9. Your reaction time MAY be better with left foot braking - MAY BE. Marginal; but what about the loss of efficiency with the foot still on the go pedal

Rally drivers in front wheel drive cars, used to use left foot braking the get the rear of the car sliding, whilst powering on hard on the gas. Equivalent effect of a "handbrake" or "bootlegger" turn.

Stick with your parents concepts

scott h
Use only the right foot for both peddles. People who use both feet to operate the controls tend to hit both at the same time which wastes gas and burns up the brakes.

It is safer to drive with only one foot in an automatic tranny because if you were to slam you feet down in a panic stop you would be using gas and brake simultaneously

use only my right foot to drive with, unless it's a stick shift...

On an automatic car use only one foot. If you use both and at some point you use a different car with a stick shift you would have a lot of problems readjusting and could even be dangerous. Do not assume you'll never drive a stick shift.
So, left foot for an eventual clutch, right foot for brake and gas.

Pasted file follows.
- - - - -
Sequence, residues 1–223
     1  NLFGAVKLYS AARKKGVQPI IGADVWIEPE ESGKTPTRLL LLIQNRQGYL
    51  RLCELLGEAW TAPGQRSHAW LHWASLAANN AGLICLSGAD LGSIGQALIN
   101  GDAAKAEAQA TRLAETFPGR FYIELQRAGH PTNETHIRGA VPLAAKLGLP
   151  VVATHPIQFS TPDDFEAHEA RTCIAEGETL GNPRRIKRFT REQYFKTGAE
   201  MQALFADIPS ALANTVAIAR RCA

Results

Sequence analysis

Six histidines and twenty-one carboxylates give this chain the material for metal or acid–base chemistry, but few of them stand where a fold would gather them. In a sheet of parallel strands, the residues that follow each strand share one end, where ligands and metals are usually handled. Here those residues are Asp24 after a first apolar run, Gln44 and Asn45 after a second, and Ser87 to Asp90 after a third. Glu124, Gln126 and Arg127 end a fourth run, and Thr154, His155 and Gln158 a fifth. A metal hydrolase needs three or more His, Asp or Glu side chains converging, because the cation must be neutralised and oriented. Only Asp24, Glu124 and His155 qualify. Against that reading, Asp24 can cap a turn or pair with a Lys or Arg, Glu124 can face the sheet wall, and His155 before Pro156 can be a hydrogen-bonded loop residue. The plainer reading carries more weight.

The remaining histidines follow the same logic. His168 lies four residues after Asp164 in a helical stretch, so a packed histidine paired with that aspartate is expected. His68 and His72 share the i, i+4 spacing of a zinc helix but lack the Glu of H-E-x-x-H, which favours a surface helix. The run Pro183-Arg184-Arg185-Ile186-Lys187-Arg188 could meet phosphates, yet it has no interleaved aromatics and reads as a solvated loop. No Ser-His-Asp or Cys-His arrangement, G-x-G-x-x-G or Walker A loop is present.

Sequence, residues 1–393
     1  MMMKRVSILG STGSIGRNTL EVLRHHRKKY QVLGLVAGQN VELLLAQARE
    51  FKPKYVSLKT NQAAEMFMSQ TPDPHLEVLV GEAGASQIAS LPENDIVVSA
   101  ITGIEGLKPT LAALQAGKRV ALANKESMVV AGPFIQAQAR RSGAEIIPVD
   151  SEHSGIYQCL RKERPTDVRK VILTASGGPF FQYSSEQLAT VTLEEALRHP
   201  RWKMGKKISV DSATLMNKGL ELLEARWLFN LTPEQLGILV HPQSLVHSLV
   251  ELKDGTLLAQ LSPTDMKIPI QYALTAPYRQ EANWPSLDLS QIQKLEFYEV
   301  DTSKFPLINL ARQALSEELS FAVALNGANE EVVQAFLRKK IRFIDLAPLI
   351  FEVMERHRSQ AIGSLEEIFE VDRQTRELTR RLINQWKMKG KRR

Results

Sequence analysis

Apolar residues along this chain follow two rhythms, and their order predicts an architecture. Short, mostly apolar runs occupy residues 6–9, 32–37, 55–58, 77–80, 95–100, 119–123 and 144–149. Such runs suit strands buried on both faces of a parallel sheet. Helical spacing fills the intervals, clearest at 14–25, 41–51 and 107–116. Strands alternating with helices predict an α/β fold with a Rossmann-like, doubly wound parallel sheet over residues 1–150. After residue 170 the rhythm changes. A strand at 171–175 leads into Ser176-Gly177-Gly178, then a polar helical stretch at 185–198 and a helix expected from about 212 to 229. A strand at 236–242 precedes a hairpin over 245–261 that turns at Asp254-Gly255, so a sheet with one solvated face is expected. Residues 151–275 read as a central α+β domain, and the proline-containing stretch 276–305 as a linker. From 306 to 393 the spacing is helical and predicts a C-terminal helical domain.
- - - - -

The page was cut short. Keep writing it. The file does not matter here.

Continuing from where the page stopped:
Istvan D
If an automatic transmission then the right foot does all the work. In a manual transmission scenario, the left foot is for the clutch, the right foot the same as above.

Good luck and drive defensively!!!

use 1 foot for brake and gas

One foot.

I was taught that way--the reasoning is, if you drive a manual transmission, you will be using your right foot for brake and gas, and the left for the clutch.

traditionally the right foot was used for the gas and brake pedal because the left foot was for the clutch pedal.
Now talking about not removing your foot off the gas pedal well thats the first thing you have to do! Otherwise what's the point in stepping on the brake. Besides you shouldn't be driving so fast or so close to the vehicle in front of you that you need to have your foot over the brake at all times.

bee p
I agree with big george's answer #8. PLEASE stop riding the brake in front of me> this drives me nutty!

the correct way to drive is to use only your right foot in an automatic because you never know when you will have to drive a manual car.